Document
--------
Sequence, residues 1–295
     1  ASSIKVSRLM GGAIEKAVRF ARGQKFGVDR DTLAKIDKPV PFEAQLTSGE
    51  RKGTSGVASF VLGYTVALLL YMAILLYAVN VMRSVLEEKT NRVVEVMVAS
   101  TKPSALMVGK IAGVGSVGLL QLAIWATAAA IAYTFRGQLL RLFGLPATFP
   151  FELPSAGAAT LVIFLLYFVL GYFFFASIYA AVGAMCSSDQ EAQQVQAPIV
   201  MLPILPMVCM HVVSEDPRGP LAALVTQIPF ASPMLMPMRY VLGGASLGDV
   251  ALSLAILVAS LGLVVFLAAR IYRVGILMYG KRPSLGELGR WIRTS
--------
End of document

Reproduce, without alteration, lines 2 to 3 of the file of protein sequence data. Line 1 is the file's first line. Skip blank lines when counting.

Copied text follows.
     1  ASSIKVSRLM GGAIEKAVRF ARGQKFGVDR DTLAKIDKPV PFEAQLTSGE
    51  RKGTSGVASF VLGYTVALLL YMAILLYAVN VMRSVLEEKT NRVVEVMVAS